A state of hypoxia resulting from infections has been shown in vivo in several studies. Infection of renal tubules with uropathogenic Escherichia coli (UPEC) in rats resulted in a severe drop in pO2 from 7 % in uninfected tissues to 5 % O2 1 h post-infection and finally to almost 0 % O2 within 4 h of infection, as measured by Clark-type microelectrodes . This dramatic decrease in pO2 may be partially due to the recruitment of activated leukocytes that congest the capillaries and release reactive oxygen species as they translocate towards the site of infection . Furthermore, tissues that subsist under conditions of chronic inflammation are shown to have a reduction in blood supply and a consequent loss of adequate oxygenation . During inflammation and hypoxia, angiogenesis is induced to compensate for poor oxygenation; however, this may result in aberrant vasculature and contribute to the pathogenesis of chronic inflammation . In IBD, vascular endothelial growth factor (VEGF)-dependent angiogenesis and increased production of vasoconstrictors were shown to result in abnormal microvasculature . Figure 2 summarizes the events that lead to decreased oxygen levels in the intestinal tissue during an infection and chronic inflammation.
The human gut is host to a large number of commensal bacteria that inhabit the lumen and epithelial mucosa of the lower intestine and has developed productive relationships with its microbiota; however, it remains highly vigilant against invading pathogens . In cases when the balance of the normal flora is upset, or if the intestinal barrier is breached, infection can occur from invading pathogens or from overgrowth of endogenous pathogens . Indeed, invasive enteropathogenic bacteria, including Salmonella, Shigella, and Yersinia, cause considerable damage to the mucosal layer and the intestinal epithelial cells as well as the lamina propria . Enterocolitis, as the most common presentation of Yersinia enterocolitica infection, occurs primarily in young children, with a mean age of 24 months. The incubation period is 4–6 days, typically with a range of 1–14 days. Most cases are self-limited. However, concomitant bacteremia may occur in 20–30 % of infants younger than 3 months . Besides the physical and structural damage that occur during those intestinal infections, many of the intestinal pathogens induce the expression of inflammatory and chemoattractive cytokines that collectively raise an immune response . Therefore, it is a point of interest to investigate the fate of the epithelial layer of the intestinal tissue during a bacterial infection under hypoxia and whether the cellular adaptation mechanisms offer the host any protective or defensive advantages. Understanding the protective host response under hypoxia might finally help to develop new prophylactic or therapeutic strategies that might be supportive for the host during cellular stress response.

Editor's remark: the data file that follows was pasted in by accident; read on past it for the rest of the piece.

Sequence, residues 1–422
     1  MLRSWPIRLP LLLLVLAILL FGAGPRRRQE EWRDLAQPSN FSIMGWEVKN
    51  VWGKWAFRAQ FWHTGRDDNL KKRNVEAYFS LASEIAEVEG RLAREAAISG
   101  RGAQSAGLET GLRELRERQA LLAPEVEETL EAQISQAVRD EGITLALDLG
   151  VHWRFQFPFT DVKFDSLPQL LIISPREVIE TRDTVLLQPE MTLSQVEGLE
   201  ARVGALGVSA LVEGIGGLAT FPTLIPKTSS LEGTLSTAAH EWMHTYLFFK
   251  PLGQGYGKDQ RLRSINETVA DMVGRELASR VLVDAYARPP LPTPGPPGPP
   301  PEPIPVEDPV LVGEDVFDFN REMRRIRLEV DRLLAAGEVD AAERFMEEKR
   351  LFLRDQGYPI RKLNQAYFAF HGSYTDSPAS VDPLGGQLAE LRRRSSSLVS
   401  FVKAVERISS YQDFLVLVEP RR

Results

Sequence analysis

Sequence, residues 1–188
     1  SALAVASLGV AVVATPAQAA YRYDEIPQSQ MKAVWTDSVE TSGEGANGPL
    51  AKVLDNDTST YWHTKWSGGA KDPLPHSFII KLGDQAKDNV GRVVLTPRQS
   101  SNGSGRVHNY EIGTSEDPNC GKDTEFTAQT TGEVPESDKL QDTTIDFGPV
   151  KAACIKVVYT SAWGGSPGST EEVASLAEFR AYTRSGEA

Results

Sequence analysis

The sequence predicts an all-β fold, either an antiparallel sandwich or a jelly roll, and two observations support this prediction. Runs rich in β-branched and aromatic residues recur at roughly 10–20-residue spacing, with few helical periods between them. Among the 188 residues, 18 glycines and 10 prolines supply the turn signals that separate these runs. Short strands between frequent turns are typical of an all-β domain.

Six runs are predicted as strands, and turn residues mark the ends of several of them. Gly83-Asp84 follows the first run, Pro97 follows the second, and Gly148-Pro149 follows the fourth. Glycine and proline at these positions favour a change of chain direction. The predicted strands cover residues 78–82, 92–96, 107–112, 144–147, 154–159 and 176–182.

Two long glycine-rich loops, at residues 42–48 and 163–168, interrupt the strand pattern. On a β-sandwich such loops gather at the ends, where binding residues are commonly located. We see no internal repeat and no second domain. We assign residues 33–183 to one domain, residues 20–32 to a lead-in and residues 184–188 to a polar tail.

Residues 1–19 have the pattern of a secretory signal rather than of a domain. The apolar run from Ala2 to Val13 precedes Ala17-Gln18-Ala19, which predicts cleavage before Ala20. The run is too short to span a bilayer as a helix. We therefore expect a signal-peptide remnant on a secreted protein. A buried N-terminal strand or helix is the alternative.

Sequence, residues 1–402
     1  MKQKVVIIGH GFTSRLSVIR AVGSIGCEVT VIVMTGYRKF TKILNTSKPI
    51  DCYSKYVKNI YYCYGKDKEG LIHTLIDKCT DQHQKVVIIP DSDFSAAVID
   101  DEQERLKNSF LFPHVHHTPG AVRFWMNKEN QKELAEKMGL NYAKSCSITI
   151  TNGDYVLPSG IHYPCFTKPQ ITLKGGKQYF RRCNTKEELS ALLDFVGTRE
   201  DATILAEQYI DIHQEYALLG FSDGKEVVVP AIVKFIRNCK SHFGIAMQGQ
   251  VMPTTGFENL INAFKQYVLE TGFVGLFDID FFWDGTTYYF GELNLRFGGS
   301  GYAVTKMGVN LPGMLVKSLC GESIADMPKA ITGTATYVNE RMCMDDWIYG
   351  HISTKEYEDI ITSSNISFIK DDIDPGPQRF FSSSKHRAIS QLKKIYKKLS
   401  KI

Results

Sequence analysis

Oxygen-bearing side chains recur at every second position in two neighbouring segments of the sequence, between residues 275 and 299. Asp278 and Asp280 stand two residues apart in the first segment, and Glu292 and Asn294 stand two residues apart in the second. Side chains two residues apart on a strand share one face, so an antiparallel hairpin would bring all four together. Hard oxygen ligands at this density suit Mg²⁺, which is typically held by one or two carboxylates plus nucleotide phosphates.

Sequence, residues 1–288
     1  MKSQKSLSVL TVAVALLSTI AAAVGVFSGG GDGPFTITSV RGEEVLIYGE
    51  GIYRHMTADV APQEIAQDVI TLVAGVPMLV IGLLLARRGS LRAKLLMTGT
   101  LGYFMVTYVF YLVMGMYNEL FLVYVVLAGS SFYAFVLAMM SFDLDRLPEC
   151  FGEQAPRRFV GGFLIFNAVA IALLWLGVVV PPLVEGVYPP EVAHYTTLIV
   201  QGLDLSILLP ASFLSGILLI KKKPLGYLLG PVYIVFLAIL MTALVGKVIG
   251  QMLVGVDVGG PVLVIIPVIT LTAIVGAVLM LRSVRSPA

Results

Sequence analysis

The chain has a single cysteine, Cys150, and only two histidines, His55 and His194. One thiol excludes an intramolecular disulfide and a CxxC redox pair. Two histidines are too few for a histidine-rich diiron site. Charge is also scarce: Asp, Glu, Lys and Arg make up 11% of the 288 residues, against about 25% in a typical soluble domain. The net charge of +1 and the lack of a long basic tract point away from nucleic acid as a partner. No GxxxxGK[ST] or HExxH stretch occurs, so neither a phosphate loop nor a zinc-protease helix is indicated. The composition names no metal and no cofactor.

Transcriptional response to hypoxia
Living organisms have developed rather efficient mechanisms to maintain cellular homeostasis and to circumvent stressful conditions. At the cellular level, many genes are involved in the adaptation processes either in a regulatory capacity or in a functional manner. One very well-characterized regulator of the cellular response to low oxygen levels is the transcription factor hypoxia inducible factor 1 (HIF-1). HIF-1 has been found to bind to and induce the expression of several genes whose products promote erythropoiesis and angiogenesis and are involved in glucose transport and metabolism, thus initiating the cellular adaptation response to hypoxic stress [15, 16]. HIF-1 is a transcription factor consisting of two subunits: the oxygen regulated alpha (α) and a constitutively expressed beta (β) subunit, also known as the aryl hydrocarbon receptor nuclear translocator (ARNT) . HIF-1α protein is a global regulator of the energy homeostasis and cellular adaptation to hypoxia, and its stability is tightly regulated by the cellular oxygen concentration . During conditions of adequate oxygenation, or normoxia, HIF-1α is rapidly degraded by binding of the von Hippel-Lindau tumor suppressor protein (pVHL) that subsequently targets it for ubiquitination and proteosomal degradation . This process is mediated by oxygen- and iron-dependent prolyl hydroxylases (PHDs) that transfer a hydroxyl group onto two proline residues (P402 and P564) allowing for binding to pVHL . Under hypoxic conditions, HIF-1α rapidly accumulates due to the interruption of its degradation pathway by inhibition of the oxygen-dependent hydroxylation .
Several HIF-1 target genes have been shown to mediate a protective effect on the mucosal layer through the upregulation of CD55, ecto-50 nucleotidase, MUC-3, intestinal trefoil factor, and P-glycoprotein . This enhanced expression of barrier-protective genes may present an obstacle to invasive gastrointestinal bacteria that seek to invade by paracellular translocation across the epithelial layer, like Vibrio cholera and Clostridium difficile . Furthermore, nuclear factor-kappa B (NF-κB), a central regulator of innate immunity and inflammatory processes, is activated in hypoxia, both in vitro and in vivo . A complex connection exists between HIF-1 and NF-κB; both transcription factors have several target genes in common, and NF-κB activation can stabilize HIF-1α, yet HIF-1 can repress NF-κB activity during inflammation . However, studies have also implicated HIF-independent NF-kB-mediated pathways in the host response at sites of inflammation, where NF-kB is required for the maintenance of epithelial barrier integrity [8, 21]. Conditional deletion of NF-kB in intestinal epithelial cells in mice led to an increased susceptibility to colitis in a murine model . It has therefore been suggested that hypoxia regulates inflammatory responses through the activation of NFκB signaling pathway in a multi-factorial process . This hypoxia-mediated induction of inflammatory responses may provide a better defense against invading pathogens.